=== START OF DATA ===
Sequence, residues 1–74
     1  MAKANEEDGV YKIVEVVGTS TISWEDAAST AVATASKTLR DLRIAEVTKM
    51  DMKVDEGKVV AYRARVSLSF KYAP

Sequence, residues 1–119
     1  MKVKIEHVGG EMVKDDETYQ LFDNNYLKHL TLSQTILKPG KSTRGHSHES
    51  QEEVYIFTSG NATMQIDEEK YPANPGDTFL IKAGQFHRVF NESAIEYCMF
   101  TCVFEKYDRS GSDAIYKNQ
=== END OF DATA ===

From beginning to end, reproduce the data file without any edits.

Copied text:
Sequence, residues 1–74
     1  MAKANEEDGV YKIVEVVGTS TISWEDAAST AVATASKTLR DLRIAEVTKM
    51  DMKVDEGKVV AYRARVSLSF KYAP

Sequence, residues 1–119
     1  MKVKIEHVGG EMVKDDETYQ LFDNNYLKHL TLSQTILKPG KSTRGHSHES
    51  QEEVYIFTSG NATMQIDEEK YPANPGDTFL IKAGQFHRVF NESAIEYCMF
   101  TCVFEKYDRS GSDAIYKNQ